What makes this a great book?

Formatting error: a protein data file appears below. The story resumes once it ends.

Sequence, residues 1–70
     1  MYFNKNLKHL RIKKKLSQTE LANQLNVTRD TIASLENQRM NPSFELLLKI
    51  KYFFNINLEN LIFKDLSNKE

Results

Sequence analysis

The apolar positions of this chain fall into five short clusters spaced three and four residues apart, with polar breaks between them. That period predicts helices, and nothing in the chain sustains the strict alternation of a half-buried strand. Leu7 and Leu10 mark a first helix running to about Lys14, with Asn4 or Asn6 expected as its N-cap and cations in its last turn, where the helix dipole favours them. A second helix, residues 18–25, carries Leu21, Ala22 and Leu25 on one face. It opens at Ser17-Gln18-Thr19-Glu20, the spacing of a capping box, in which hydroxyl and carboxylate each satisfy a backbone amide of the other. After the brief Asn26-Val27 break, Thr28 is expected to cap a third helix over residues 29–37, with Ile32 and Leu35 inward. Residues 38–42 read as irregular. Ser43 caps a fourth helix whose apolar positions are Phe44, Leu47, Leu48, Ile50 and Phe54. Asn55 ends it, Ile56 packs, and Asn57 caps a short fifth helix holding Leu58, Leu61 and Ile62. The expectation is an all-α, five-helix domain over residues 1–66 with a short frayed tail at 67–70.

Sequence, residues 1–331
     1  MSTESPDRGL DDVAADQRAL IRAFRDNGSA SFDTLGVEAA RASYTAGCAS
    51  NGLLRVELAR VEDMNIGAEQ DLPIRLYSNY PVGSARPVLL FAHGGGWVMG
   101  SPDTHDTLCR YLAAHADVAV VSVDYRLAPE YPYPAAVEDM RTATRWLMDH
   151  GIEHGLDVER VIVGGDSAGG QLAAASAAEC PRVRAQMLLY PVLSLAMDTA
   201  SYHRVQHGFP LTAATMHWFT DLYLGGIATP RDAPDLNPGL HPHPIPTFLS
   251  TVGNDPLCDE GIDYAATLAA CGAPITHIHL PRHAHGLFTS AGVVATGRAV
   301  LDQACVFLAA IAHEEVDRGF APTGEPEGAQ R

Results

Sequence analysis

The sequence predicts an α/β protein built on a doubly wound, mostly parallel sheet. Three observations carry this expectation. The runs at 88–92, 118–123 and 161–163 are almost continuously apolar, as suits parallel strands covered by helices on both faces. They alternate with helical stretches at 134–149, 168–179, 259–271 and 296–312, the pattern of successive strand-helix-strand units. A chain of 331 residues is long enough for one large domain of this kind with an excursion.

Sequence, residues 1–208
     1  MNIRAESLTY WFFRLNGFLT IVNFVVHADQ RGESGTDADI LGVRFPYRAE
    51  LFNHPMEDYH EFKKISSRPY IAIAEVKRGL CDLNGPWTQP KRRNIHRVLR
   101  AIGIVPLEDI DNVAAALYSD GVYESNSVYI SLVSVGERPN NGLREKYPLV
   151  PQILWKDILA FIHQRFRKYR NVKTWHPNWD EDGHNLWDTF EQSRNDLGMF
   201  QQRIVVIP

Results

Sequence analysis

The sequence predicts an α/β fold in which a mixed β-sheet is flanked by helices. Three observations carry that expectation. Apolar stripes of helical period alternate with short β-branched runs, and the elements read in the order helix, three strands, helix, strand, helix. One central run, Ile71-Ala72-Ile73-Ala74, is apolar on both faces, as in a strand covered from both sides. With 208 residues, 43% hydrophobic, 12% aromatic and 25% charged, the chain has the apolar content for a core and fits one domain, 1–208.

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To ensure that his novel would be as historically accurate as possible, Dickens pored over his friend Thomas Carlyle's classic history of the French Revolution. A Tale of Two Cities is in part a historical novel, which sets it apart from Dickens's other work. When Dickens was writing A Tale of Two Cities, the French Revolution was still the most dramatic issue in the public's recent memory. The revolution involved contentious issues for Dickens, a political radical who believed in poor law reform and who campaigned for a more equal society. He vividly portrays the hunger of the French people and the brutality of the French aristocracy, embodied in the novel by the Evrémonde family, and he seems to justify the lower class's desire for a revolution. Yet, he just as dramatically illustrates the barbarity of the revolutionaries when they do rise to power.